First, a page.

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State Attorney Norm Wolfinger dies

Wolfinger served seven terms as state attorney for 18th Judicial Circuit Court

Norm Wolfinger  [Photo: Craig Bailey/Florida Today]
Norm Wolfinger [Photo: Craig Bailey/Florida Today]

Former State Attorney Norm Wolfinger, who for three decades oversaw prosecution of some of Brevard County's most notorious criminal cases, died late Tuesday from an undisclosed illness. He was 70.

"He was a tremendous man," said Senior Brevard County Circuit Judge John Dean Moxley, a longtime friend and colleague. "He reached out to everybody. He was a good administrator and he took care of his people. He was also at the forefront of victim's awareness. He did that before it became fashionable."

News 6 partner Florida Today said news of Wofinger's death spread quickly in Brevard's legal and law enforcement community. Brevard County Sheriff Wayne Ivey called Wolfinger "a champion" of the criminal justice community. He was known as an advocate for tough changes in Florida's child sexual predator laws and Wolfinger partnered with federal prosecutors to tackle gun crime

"It's a sad morning. He was a great guy and an incredible prosecutor," Ivey said. "His legacy will go on forever."

Wolfinger served seven terms as state attorney for the Eighteenth Judicial Circuit Court, covering a population of nearly 1 million people across Brevard and Seminole County and was responsible for about 55,000 prosecutions annually by the time he decided not to run for reelection in 2012.

His story is one of a young man who overcame difficulties to pursue a career as an attorney.

Wolfinger earned a reputation as a tough lawyer dedicated to representing the victims of crime. He became state attorney in 1985 and within two years was faced with guiding the prosecution of William Cruse, the 60-year-old librarian who went on a shooting spree in Palm Bay, killing two police officers and four others in a standoff that made international news.

His time in office was not without controversy. Some critics called the state attorney’s office heavy-handed, but Wolfinger faced the criticism.

One case that garnered scrutiny involved William Dillon who spent 27 years in a state prison for a 1981 murder until a DNA test  exonerated him.  Wolfinger’s office fought calls for such testing in a  protracted legal battle that drew stinging criticism from advocacy groups like the Innocence Project.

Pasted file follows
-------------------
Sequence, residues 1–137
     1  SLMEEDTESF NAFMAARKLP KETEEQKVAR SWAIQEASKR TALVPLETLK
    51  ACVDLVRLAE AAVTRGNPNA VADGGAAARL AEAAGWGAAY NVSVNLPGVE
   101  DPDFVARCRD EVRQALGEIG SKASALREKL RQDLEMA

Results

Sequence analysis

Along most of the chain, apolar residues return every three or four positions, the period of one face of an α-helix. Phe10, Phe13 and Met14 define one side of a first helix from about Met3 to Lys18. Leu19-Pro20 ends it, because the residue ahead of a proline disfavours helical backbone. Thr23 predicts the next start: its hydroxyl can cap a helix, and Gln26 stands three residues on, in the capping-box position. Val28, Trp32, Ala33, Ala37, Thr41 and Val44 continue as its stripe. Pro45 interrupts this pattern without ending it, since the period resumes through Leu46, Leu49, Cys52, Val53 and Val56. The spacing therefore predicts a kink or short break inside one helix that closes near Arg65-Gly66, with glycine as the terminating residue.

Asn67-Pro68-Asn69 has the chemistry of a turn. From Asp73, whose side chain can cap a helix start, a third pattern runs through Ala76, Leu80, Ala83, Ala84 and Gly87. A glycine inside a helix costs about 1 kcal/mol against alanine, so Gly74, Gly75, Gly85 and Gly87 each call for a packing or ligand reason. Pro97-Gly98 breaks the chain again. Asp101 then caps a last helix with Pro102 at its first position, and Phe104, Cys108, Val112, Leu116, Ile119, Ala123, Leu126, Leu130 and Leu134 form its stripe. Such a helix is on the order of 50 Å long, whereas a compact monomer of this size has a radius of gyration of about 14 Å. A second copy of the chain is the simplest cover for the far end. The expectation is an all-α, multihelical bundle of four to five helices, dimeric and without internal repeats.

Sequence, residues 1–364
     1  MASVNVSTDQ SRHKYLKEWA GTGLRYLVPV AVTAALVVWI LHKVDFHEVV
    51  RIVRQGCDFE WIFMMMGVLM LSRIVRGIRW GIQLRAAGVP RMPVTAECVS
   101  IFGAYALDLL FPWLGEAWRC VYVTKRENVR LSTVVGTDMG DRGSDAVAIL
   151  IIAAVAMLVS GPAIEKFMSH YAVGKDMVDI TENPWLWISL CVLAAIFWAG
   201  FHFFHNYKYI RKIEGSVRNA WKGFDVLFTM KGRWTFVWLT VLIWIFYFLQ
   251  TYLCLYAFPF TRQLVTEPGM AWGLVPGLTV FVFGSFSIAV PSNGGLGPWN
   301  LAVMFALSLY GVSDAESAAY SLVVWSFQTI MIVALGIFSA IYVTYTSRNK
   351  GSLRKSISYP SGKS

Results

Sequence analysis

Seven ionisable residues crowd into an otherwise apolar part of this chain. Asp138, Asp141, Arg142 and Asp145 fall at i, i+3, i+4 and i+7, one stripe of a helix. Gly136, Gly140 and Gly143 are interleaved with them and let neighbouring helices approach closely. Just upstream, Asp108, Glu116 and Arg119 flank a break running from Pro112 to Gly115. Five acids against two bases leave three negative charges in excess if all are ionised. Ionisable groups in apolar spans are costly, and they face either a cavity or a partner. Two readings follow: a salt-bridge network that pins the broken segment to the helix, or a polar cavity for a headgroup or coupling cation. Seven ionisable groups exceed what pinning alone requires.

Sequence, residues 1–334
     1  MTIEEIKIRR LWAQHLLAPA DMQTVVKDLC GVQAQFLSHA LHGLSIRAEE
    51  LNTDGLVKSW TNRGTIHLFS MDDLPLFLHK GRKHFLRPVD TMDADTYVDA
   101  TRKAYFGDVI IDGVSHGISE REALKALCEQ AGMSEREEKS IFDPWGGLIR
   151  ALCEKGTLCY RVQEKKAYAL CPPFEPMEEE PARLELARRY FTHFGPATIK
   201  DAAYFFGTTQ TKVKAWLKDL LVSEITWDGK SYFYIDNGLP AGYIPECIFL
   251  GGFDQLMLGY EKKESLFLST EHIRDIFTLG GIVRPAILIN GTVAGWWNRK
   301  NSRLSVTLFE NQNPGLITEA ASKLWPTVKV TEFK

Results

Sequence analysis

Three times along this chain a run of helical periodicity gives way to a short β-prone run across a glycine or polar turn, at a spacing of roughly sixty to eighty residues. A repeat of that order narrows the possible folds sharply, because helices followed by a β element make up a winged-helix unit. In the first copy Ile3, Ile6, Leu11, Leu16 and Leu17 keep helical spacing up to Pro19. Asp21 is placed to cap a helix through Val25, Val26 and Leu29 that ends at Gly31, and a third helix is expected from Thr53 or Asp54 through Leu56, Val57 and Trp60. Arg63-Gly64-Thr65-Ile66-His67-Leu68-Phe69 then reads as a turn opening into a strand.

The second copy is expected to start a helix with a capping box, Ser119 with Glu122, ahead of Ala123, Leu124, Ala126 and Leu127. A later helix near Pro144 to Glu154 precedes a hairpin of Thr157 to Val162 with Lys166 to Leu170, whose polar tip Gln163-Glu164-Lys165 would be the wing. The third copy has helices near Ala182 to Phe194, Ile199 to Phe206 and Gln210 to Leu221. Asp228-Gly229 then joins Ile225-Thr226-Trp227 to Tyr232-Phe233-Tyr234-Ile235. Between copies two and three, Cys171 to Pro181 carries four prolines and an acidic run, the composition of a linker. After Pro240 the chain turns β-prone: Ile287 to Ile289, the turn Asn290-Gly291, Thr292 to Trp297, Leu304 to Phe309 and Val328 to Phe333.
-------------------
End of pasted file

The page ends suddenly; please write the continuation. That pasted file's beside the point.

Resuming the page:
In 2012, Wolfinger found himself again in the national spotlight with his office’s handling of the controversial shooting death of 17-year-old Trayvon Martin in nearby Sanford. Thousands converged on the small town, including ministers and activists from Brevard County, to challenge the state’s handling of the case involving shooter George Zimmerman’s assertions that he was acting in self-defense after confronting the teen.

Wolfinger later recused himself from the case as protests grew. In response to News 6 Partner Florida Today questions, Wolfinger discussed his handling of difficult cases, saying that being fair and just remained a priority during his tenure.

“First, tough decisions are rarely made in times of calm waters,” he said. “People’s opinions will be running every which way. That is why I do not allow myself to lose my wits about me, particularly when others appear to be losing their balance. I have had the opportunity to work on many tough cases, always giving thoughtful and thorough consideration to all the facts and circumstances, ideas and possibilities, including those offered by case critics, before reaching what I believe is a just and fair decision.”

A Republican, Wolfinger was elected state attorney in 1984 when he defeated ​Douglas Cheshire at the polls. He was re-elected without opposition in 1988, won re-election in 1992 after taking 70 percent of the Republican primary vote, and was re-elected without opposition until retirement. He served seven full terms.

Wolfinger created Operation Cease-Fire, a gun violence prevention program featuring a Rap Against Violence contest. U.S. Attorney General Alberto Gonzales honored Wolfinger and the program during a 2006 conference in Denver.

In 2007, the Disabled American Veterans presented Wolfinger with the National Commander's Award as the Outstanding Disabled American Veteran of the Year during the organization's national convention in New Orleans. The award, more than others, affected Wolfinger, colleagues would later say.

He spent 13 years chairing the Brevard Schools Foundation's Take Stock in Children Leadership Council, which offers mentoring and college scholarships for at-risk middle and high school students. He was also a founding member of the Children's Advocacy Center of Brevard, which helps investigate child abuse and supports young victims.

Honoring those humanitarian efforts, the National Association of Social Workers named Wolfinger the 2007 Florida Elected Official of the Year.

He was also a member of Vietnam and All Veterans of Brevard and DAV Post 109 in Titusville.